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The Zombie Cyclist

The Zombie Cyclist

And therein lies a conflict. A lot of the training literature assumes you are starting at a point where you cannot complete your goal ride, and that you will work up to that goal, with no plan for sustaining that level of fitness. In particular, the exercise community builds their suggestions around the concept of a “season”. At the end of 1 season, one quits cycling and then begins the next with a series of activities that begin from no cycling and work their way back up to peak fitness. On the other hand, weekly the medical community desires if you ask me exercise 300 minutes, every week of my entire life.

Friel’s “The Cyclists Training Bible” will not to (as much as I can find) recommend a test comparable to a MAF test. Rather, Joe Friel’s way of measuring endurance and aerobic fitness will take benefit of a poorly comprehended yet widely noticed trend called “decoupling.” Ideally, heart rate during exercise should increase as effort increases.

  • Excessive, long-term use of alcohol
  • 2 years back from Canada
  • It is far from clear which i am with the capacity of completing some of the longer brevet trips
  • Gym Membership: $40-$250 per month
  • 6 oz. can Crab Meat, drained
  • The Fall Leaves Tunnel Run is fun for babies (and for tweens-though they won’t admit it)
  • Occupy your mind

However, there are circumstances where that romantic relationship down breaks. If one rides at continuous heart rate at first the power generated (roughly reflected in the speed you are riding) will be continuous but eventually will begin to decrease, a process called decoupling. Although this is a “bug” in terms of using heart rate as a measure of effort, as it happens to be always a “feature” in terms of measuring stamina.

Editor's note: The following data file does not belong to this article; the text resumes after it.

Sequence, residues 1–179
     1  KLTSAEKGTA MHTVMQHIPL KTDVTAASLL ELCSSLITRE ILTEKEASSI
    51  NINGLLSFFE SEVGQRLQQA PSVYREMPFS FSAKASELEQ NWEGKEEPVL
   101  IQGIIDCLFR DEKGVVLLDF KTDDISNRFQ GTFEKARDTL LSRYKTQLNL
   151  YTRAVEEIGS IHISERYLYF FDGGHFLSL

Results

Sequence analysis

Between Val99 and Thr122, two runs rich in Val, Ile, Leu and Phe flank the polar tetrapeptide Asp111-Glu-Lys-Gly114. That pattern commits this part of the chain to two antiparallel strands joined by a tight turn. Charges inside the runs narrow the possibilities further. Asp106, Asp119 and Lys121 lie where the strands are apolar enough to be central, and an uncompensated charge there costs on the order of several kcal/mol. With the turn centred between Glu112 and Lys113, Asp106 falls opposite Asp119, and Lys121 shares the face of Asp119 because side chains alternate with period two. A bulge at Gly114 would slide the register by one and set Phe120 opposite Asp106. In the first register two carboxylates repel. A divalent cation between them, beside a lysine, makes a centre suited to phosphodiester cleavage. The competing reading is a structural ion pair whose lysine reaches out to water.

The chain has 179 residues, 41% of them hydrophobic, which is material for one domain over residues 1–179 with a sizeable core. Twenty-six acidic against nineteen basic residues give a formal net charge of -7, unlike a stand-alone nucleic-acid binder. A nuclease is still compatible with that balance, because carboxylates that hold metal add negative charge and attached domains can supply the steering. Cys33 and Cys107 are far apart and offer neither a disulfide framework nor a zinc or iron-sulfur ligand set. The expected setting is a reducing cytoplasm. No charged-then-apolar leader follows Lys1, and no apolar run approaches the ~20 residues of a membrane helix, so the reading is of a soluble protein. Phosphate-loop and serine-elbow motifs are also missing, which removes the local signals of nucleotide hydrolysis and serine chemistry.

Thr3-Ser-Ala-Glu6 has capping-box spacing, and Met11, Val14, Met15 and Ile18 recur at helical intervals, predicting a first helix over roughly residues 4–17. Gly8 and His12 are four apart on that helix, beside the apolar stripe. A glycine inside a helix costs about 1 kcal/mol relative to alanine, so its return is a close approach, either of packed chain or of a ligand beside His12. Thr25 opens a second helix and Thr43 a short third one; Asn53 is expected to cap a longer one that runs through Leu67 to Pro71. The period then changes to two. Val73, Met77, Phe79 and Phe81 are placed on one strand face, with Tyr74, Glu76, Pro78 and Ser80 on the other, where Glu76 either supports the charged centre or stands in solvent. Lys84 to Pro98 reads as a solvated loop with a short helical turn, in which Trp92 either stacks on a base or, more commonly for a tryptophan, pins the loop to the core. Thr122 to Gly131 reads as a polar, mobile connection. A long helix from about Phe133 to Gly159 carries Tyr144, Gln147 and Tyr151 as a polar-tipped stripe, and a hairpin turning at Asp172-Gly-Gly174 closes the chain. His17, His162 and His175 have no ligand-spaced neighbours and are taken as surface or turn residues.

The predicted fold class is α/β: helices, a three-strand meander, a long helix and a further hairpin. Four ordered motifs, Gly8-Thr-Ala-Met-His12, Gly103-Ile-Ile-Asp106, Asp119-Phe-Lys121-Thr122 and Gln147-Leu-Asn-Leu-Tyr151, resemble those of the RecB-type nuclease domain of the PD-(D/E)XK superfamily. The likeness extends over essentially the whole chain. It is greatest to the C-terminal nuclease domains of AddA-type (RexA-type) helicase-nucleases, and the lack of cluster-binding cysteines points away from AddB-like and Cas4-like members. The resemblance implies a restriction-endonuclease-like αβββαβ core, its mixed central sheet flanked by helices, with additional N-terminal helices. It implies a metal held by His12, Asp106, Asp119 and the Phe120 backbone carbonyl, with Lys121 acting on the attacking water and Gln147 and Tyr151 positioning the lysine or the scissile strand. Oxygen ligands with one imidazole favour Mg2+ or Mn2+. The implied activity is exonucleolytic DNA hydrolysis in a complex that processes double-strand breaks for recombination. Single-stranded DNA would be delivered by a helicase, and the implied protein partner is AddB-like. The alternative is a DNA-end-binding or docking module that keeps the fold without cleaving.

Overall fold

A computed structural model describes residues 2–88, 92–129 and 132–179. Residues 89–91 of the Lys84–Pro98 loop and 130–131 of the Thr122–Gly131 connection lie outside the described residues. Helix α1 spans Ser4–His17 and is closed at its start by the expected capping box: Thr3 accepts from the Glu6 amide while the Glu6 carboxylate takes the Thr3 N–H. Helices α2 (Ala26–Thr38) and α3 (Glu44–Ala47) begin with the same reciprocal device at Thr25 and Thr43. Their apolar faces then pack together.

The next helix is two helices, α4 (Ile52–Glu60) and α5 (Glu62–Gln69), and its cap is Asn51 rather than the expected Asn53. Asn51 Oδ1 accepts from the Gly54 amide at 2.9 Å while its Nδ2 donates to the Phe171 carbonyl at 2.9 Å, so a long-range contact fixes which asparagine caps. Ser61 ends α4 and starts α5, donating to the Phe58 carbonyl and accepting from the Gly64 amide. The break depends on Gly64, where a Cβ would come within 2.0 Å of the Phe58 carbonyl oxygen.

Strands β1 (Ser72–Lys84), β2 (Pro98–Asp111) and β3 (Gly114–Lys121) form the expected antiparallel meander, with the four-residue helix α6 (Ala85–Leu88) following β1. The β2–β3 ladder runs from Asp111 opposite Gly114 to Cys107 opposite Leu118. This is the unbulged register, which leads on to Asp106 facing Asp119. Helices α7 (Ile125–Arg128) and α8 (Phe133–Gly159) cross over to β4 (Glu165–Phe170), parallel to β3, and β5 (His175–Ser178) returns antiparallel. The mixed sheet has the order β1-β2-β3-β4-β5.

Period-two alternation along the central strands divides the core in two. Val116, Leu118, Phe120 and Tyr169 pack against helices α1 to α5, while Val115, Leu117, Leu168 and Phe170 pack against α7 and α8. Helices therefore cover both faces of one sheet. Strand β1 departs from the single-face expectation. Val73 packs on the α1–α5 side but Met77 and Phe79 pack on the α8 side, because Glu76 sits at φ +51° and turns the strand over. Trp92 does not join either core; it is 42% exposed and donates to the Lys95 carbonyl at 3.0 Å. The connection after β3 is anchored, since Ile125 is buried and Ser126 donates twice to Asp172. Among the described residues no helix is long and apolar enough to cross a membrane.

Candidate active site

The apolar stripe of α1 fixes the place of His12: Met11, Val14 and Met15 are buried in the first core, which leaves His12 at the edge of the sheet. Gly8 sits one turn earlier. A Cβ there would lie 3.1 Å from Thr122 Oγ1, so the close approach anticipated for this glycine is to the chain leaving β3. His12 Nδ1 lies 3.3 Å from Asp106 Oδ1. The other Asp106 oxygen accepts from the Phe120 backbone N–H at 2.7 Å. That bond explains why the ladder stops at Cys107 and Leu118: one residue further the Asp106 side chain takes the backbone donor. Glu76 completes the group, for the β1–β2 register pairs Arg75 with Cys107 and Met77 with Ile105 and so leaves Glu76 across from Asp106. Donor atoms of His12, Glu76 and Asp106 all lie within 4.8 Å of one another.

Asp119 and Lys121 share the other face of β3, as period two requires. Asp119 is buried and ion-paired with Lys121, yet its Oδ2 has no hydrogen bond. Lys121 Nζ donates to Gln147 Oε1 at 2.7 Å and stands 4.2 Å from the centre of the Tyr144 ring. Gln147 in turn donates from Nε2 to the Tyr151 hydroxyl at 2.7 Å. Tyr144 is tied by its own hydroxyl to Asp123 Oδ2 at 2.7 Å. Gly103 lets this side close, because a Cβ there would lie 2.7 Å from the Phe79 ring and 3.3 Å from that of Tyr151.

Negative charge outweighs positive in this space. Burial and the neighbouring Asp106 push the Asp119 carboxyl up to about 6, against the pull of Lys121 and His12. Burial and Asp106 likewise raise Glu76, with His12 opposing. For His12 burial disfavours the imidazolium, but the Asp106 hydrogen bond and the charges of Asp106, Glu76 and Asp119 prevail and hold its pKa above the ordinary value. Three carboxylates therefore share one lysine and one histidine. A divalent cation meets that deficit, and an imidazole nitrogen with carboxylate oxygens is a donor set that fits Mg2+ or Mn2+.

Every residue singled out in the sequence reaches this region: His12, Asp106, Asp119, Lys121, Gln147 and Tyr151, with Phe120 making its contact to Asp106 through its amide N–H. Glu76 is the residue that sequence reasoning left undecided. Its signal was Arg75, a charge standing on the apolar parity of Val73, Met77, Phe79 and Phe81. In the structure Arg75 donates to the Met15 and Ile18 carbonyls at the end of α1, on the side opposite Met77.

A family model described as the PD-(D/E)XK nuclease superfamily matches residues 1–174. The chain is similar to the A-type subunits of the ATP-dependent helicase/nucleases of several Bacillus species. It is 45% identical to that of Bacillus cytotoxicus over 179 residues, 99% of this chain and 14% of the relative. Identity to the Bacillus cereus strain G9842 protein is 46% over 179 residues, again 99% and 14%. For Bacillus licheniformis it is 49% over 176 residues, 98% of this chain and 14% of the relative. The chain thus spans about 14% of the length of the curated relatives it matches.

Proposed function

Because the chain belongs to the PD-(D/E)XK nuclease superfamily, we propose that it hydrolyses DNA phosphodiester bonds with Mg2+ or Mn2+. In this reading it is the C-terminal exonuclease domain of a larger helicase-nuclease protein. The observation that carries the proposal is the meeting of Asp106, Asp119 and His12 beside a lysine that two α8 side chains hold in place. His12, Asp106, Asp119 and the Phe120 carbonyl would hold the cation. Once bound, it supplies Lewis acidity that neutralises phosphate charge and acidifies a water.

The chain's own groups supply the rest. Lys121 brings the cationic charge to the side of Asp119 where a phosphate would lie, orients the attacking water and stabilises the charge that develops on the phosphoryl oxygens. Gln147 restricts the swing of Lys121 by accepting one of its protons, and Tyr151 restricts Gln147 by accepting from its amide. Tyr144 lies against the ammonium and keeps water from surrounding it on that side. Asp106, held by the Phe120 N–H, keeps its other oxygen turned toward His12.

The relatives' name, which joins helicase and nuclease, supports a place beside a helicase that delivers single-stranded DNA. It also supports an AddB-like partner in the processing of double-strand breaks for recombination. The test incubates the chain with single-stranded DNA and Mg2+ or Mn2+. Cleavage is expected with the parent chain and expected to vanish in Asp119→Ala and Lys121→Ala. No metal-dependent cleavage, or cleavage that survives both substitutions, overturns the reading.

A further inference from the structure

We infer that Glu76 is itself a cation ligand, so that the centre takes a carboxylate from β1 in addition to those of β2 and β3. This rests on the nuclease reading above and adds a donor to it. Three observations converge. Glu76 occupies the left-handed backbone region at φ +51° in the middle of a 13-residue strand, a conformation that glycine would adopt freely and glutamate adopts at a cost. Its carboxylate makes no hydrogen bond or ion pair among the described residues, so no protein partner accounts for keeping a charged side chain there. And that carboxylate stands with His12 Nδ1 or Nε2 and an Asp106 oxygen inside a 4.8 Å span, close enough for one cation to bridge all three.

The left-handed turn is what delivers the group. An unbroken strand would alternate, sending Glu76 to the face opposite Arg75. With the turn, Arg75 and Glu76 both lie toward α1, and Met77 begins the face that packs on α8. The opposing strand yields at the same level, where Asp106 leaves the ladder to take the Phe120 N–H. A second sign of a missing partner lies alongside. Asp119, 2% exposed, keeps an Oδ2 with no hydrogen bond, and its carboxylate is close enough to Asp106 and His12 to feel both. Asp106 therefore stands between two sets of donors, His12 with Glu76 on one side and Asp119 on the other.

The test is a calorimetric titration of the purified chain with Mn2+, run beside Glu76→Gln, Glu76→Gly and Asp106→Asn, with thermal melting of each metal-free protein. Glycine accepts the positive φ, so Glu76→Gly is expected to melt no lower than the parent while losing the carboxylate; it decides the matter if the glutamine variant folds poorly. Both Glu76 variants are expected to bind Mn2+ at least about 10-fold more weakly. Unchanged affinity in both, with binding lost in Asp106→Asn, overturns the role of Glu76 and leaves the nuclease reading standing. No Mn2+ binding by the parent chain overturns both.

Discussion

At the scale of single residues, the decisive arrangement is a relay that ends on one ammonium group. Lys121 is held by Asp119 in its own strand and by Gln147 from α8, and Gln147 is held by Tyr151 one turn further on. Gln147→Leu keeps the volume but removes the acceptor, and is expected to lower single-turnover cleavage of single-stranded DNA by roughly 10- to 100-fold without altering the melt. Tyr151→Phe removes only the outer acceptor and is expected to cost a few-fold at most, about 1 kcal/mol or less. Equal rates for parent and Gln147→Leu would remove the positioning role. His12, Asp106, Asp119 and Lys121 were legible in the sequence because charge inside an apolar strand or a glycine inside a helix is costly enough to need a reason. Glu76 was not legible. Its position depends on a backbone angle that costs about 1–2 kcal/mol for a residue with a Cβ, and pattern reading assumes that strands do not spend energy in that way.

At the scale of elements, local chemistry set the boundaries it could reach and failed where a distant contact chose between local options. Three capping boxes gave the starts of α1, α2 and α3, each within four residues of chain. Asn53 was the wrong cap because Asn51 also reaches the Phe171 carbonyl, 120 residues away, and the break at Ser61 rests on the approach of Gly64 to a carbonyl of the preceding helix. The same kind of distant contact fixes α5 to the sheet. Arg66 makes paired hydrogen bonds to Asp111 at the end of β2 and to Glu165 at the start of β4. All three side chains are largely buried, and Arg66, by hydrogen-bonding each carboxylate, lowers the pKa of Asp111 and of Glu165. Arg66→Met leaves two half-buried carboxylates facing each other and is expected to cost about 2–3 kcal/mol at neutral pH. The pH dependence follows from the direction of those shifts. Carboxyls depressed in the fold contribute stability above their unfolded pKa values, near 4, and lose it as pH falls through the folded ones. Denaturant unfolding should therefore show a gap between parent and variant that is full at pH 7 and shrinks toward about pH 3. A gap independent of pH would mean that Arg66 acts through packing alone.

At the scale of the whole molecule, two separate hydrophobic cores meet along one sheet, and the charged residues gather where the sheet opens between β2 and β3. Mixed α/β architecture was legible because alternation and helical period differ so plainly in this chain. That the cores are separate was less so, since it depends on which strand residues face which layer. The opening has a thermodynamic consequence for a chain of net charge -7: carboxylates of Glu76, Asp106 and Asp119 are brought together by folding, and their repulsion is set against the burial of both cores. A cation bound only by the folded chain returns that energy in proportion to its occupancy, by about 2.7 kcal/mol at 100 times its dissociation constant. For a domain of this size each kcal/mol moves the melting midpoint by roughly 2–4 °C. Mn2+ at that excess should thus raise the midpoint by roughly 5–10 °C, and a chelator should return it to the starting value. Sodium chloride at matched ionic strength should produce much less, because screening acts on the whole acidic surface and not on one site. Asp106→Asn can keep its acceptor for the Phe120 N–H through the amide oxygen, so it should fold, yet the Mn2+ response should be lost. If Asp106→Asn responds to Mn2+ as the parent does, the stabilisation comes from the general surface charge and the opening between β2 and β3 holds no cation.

Joe Friel suggests a test where you trip at aerobic threshold and record enough time of which decoupling first starts to appear. Afterward you include progressively long aerobic threshold trips in your training until you can ride for just two hours without viewing any decoupling. I’m uncertain if both hour figure is specially relevant to me, however the phenomenon of decoupling is.

I first noticed decoupling in regards to a year ago, when I started using a heart rate monitor first. Just like today, my training then consisted mostly of daily MAF test rides. Data from Garmin Training Center. Red lines added you. The above graphs, reflecting data downloaded from my Garmin, are from the first much longer trip I included, a 30-mile trip. I succeeded at doing that mainly, though it did drift up a bit at the final end.

Besides decoupling, I have found that other anomalies in heart rate behavior appear to be indicative of my fitness. The foremost is heart-rate balance. When I am fit, my heart rate raises and decreases with work easily. When I am unfit, it’ll down jump up and, making it difficult to properly ride my MAF tests. The second reason is the ability of my heartrate to recover within my cool off ride after a MAF test.

When I am fit, during the 20 to 25-minute trip home from the Rice Track, I can easily get my heart rate below 110 beats per minutes, below 100 beats each and every minute sometimes. WHILE I am not fit, it can be a struggle to get it below 120 beats each and every minute. What I am not finding indicative of a lot of is my resting heart rate.

Based on the advice of Iron Rider, I began documenting a “true” resting heart rate about half a year ago. By true, I mean I record my heart rate first thing in the morning while lying in bed. That heart rate varies between 55 and 70 beats each and every minute. I began calculating my “true” relaxing heartrate because Iron Rider recommended it might reveal my level of fatigue which I could then use to help plan my training.